St. Louis Cardinals: Clayton Kershaw’s postseason Cardinals’ curse

ST LOUIS, MO - OCTOBER 12: Clayton Kershaw
ST LOUIS, MO - OCTOBER 12: Clayton Kershaw /

Despite picking up another playoff win for the Dodgers, Clayton Kershaw’s struggles in the postseason are still alive and well. It’s baffling a pitcher of Kershaw’s caliber struggles so mightily in the postseason, but look no further than his games against St. Louis

Clayton Kershaw‘s mightiest struggles have been against the St. Louis Cardinals in the postseason, and these reflect the problems Kershaw has in the playoffs. The stakes are higher, so mistakes are examined under a microscope, and one miss can cost you everything.

This is no more evident than with Kershaw against the St. Louis Cardinals, as it only took an inning for his night to completely unravel, no matter how lights out he had been before. Here are three flaws in Kershaw’s pitching exposed by three Cardinal postseason uproars.

Trouble with First Pitch Strikes

Example: 2013 NLCS Game 5, Inning 3

Usually, Kershaw is very good at keeping things under control. However, he suddenly lost that control in the third inning of the 2013 NLCS.

2013 NLCS Game 5 Inning-by-Inning: 0-0 Count
InningPitches in InningStrikes in InningStrike% in Inning

Challenging hitters from the first pitch and dominating the count and at-bat are key parts of Kershaw’s game. He throws the fastball 78.7% of the time as either the first pitch or when he falls behind, which takes away his best tools and gives the average hitter a much better chance, on average, when they can get ahead early in the count.

In the playoffs, Kershaw paid for it. The Cardinals scored four runs in that third inning and ripped away control of the game from Kershaw. Michael Wacha ran away with it.

It isn’t just an isolated occurrence; he consistently has more trouble locating the first pitch in the at-bat in the postseason.

Kershaw First Pitches in ABRegular SeasonPost Season
FB Strike %38.57%32.66%
SLD Strike %43.50%41.49%
FB Ball in Play %12.11%13.58%
SLD Ball in Play %8.26%12.77%
FB Whiff %5.66%5.49%
SLD Whiff %18.19%19.15%

As I mentioned before, the fastball is his first pitch a majority of the time. The decreased overall effectiveness of the fastball to open an at-bat seems to be hampering him significantly.

More Swings at Fastballs, Less at Sliders

Example: 2014 NLDS Game 1, Inning 7

While people laud and praise Kershaw’s leg-buckling curve, he doesn’t utilize it nearly as much as his slider.  He throws the slider almost 25% of the time, and primarily relies on mixing up the fastball with the slider to get through an at-bat.

In Game 1 of the 2014 NLDS, the Cardinals were all over the fastball. Of the sixty-six fastballs Kershaw threw that game, the Cardinals swung at forty of them for a 60.6% swing rate. Kershaw’s fastball normally has a 46.2% swing rate.

The most memorable play of the game was Matt Carpenter‘s two-run double, and the at-bat that got him there. Here is a look at the pitch log and strike zone of that at-bat.

Kershaw vs Carpenter 2014 NLDS G1 Inning 7 (via Brooks Baseball)
TypeCountStrikes/%Swings/%Whiffs/%BIP(No Out)
FA (Fastball)55 / 100.0%5 / 100.0%1 / 20.0%1 (1)
SL (Slider)31 / 33.3%1 / 33.3%0 / 0.0%0 (0)

While Carpenter did technically whiff on a fastball, it was a foul tip, showing Carpenter and the St. Louis Cardinals saw the pitch. Carpenter was able to see everything Kershaw was doing, and he fended it off with a double to right off the eighth pitch of the at-bat. He was aggressive on the fastballs in the zone, and didn’t look at the breaking balls outside it.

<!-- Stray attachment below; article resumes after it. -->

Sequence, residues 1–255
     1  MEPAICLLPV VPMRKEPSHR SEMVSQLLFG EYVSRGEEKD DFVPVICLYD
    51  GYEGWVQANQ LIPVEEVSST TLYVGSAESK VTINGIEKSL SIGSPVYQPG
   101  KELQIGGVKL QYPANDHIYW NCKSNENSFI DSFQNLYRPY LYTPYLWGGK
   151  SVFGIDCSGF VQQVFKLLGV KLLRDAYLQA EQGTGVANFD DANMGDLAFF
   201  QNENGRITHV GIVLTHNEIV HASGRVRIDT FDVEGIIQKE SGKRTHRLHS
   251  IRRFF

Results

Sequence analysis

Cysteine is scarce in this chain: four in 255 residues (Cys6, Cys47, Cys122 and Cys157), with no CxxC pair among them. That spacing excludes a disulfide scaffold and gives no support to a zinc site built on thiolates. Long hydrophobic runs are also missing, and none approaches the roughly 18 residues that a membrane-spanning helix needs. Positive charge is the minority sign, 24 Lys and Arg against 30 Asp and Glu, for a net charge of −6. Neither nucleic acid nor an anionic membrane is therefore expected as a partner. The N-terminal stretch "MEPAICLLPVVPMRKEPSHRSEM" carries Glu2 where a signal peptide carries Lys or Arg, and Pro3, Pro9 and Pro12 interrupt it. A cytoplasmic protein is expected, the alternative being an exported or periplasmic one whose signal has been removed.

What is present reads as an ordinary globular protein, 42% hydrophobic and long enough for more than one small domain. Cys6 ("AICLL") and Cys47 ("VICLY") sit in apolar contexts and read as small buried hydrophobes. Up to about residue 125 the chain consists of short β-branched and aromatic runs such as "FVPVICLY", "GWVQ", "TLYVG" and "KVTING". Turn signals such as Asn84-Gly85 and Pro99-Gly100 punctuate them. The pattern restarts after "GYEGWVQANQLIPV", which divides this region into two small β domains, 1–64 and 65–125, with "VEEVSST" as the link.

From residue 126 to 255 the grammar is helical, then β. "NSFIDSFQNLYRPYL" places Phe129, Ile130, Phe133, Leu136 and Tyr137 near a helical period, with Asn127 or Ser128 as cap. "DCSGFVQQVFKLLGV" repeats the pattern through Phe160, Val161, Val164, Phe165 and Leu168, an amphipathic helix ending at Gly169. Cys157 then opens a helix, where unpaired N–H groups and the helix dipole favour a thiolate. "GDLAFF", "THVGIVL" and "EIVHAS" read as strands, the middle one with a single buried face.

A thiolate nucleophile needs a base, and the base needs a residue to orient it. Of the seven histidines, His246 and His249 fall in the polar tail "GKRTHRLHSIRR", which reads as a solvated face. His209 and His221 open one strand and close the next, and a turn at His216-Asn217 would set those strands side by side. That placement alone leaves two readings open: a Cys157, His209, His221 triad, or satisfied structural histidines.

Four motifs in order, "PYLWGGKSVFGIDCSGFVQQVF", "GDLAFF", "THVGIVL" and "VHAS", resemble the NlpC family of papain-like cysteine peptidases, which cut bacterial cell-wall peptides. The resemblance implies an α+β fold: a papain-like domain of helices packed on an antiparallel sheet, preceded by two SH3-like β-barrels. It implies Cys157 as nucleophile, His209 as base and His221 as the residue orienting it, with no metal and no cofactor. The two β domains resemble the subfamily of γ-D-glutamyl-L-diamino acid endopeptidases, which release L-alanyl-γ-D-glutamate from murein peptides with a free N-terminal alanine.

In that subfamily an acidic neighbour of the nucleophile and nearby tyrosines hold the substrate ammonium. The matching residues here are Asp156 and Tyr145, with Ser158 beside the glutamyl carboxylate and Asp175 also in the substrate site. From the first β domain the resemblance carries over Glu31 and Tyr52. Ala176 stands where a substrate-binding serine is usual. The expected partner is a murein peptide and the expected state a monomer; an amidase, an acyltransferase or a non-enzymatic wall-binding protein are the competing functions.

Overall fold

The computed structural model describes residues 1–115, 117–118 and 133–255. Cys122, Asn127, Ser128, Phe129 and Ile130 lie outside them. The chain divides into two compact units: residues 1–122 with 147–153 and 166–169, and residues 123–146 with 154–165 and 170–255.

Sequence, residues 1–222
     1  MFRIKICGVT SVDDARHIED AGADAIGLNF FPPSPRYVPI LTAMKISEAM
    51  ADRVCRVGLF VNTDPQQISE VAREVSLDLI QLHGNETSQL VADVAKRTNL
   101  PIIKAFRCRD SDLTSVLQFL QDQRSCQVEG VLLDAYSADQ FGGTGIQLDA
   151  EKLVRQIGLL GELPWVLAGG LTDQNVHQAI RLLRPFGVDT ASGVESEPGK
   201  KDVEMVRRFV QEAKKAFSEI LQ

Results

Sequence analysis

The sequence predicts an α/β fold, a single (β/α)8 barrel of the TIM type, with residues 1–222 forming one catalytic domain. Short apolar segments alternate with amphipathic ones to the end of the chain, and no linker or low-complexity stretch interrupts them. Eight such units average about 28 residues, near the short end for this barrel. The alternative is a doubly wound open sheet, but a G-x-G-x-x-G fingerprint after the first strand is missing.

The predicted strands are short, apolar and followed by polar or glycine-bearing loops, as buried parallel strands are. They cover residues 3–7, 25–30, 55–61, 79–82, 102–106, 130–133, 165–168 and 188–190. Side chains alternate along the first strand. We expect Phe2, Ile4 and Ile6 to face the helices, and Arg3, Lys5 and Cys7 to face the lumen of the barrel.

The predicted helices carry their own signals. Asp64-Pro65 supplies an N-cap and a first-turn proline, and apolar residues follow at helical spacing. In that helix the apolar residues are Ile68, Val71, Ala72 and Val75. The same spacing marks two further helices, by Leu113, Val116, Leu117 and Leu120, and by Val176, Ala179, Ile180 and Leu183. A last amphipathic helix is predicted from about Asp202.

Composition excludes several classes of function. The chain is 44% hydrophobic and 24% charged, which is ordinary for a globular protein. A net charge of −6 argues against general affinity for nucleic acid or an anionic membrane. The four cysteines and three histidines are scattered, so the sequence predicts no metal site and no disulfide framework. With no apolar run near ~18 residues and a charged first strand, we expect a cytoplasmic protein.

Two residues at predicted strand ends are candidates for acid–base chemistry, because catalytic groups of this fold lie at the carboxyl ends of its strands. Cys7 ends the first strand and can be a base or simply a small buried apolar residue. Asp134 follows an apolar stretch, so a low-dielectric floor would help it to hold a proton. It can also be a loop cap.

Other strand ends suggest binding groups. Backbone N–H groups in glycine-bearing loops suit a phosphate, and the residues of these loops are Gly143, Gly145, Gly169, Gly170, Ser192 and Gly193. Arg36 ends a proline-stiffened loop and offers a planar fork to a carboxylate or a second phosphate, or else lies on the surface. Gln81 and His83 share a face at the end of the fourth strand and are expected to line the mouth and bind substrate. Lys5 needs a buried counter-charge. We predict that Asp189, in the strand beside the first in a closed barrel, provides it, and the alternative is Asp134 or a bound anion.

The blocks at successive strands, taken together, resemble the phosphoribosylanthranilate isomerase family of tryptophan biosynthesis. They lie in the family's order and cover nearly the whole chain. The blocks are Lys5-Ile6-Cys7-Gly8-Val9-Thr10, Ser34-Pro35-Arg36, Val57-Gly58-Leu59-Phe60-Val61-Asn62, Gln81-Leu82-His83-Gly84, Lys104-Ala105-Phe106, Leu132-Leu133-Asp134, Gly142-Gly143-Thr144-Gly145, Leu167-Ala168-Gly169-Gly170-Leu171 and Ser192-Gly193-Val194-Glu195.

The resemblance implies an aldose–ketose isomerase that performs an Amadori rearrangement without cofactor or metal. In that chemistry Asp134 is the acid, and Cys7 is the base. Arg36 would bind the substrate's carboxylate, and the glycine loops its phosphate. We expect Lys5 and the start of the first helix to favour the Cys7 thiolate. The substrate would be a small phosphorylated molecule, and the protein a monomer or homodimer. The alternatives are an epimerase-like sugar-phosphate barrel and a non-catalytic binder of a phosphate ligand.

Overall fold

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It also helps that Kershaw wasn’t able to locate the slider particularly well in this at-bat. Whether fatigue played into it or not, it will forever be a mystery.

However, Kershaw overused the fastball and neglected the curve ball either way, especially considering there were only two balls in the at-bat.

With the decreased effectiveness of the fastball early in counts in the playoffs, it is only natural that teams will start to plan around any weakness they can find, especially against a talent like Kershaw.

Teams in the playoffs are simply seeing the fastball and slider better, and are having success against Kershaw in part because of it.

Talent, with a sprinkle of Luck

Example: 2014 NLDS Game 4, Inning 7

Sometimes, it is truly hard to explain exactly how a collapse happened, and that’s exactly the case with this inning. While there were reasons to really pinpoint in the other examples, the only mistake Kershaw made in this game was an unfortunately fatal one.

Here is Kershaw’s pitch chart in the seventh inning, and note that he was hitting spots better than the at-bat against Carpenter, but the St. Louis Cardinals simply had his number. It just happens that way, no matter what their ability or performances against others may indicate.

While the hanging curve ball to Matt Adams, circled in red, was over the plate, the other two pitches put into play were well located. The balls in play ended up being hit just inches out of the fielders hand BOTH times, and the rest is history.

Sometimes, luck is a big part of baseball, and Kershaw simply didn’t have it on those two hits. When the talent floor becomes lower, these little things can be what tips the scales, and this game is a demonstration of that fact.

Next: 12 Potential Cuts for Opening Day 2018

Kershaw is one of the greatest regular season pitching talents that we have ever seen, but if he wants to be known as more than that, he must somehow emerge from the shadow the St. Louis Cardinals have cast over his postseason career.